Would you like to hear from someone who has spent his fair share of Sunday afternoons painting the exterior of his house? In other words, for exterior painting, I can guide you on which items are worthwhile to purchase and which aren’t. To make a conclusive decision stay tuned!
In most cases, yes, you need a primer for your exterior surfaces. Exterior surfaces are mostly made out of concrete or wood, which are uneven and porous. Primer is crucial for a flawless and long-lasting exterior finish. It makes the surface smooth and fills the holes for an easier coat of paint.
While the above statement may have addressed your concern, it does not provide a comprehensive view. Exterior house painting is an expensive and time-consuming job. You must know which primers to use and which to avoid so that you can focus on other facets of house improvement.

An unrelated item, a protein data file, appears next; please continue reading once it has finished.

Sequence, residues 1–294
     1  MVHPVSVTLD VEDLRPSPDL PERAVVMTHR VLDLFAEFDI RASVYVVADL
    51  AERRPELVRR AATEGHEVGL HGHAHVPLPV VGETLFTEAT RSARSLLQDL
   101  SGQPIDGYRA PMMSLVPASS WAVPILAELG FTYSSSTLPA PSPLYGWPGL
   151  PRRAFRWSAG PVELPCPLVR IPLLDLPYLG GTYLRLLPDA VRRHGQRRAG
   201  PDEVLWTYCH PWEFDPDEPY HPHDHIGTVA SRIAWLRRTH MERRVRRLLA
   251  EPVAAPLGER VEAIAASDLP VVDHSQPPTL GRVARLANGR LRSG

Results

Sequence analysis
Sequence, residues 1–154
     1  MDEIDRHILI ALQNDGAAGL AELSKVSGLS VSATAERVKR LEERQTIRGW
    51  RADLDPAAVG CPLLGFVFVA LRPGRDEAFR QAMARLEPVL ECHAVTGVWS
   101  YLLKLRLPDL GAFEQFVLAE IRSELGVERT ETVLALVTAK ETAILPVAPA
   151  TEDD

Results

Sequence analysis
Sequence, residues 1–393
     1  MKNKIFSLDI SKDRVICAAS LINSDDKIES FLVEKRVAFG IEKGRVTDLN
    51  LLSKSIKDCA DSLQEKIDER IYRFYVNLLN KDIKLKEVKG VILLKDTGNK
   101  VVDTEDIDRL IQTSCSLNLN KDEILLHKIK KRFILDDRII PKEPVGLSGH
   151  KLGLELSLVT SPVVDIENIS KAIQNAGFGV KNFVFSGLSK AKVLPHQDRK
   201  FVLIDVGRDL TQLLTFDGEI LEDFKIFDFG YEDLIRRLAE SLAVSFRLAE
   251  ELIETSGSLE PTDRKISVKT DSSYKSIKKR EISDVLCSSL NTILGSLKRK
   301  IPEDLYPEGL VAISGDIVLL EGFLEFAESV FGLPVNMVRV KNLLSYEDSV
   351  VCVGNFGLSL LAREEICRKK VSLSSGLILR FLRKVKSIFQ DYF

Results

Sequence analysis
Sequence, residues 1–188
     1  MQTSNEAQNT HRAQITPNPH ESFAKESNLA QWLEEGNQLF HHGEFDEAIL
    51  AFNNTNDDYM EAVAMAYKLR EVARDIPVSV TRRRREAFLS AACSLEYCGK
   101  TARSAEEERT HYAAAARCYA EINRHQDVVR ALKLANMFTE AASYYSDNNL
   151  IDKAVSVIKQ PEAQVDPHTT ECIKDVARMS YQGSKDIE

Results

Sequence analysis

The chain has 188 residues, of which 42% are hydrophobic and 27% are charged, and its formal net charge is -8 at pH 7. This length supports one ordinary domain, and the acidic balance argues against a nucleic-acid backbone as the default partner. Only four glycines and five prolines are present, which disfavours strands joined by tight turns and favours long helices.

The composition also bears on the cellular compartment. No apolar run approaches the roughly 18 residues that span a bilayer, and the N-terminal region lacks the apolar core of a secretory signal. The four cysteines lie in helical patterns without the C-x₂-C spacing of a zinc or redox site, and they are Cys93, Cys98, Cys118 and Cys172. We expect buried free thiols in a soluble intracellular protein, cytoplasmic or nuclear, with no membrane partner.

What Is a Primer?
To have a concise answer to “do I need to prime before painting?” We must first know what it is. A primer is a resin material that provides adhesion on the paint surface and makes it smoother for the paint coat itself. It is an undercoat that serves as the “middle man” between the surface and the final coat of the paint.
A primer also reduces the number of coats you need to apply on a surface by reducing the project’s overall price. So when it comes to primer vs. paint, which one provides a better middle layer? A primer is mostly an on-go choice.
Many different types of primers are commercially being used to paint the exteriors of buildings, but all of them fall under these three basic types:
- Oil-based primer
- Latex-based primers
- Pigmented primers
When Do You Need a Primer?
Many individuals erroneously use primers when they don’t need to, and the opposite is also true. Here is a list of some of the most common situations where you should always use a primer.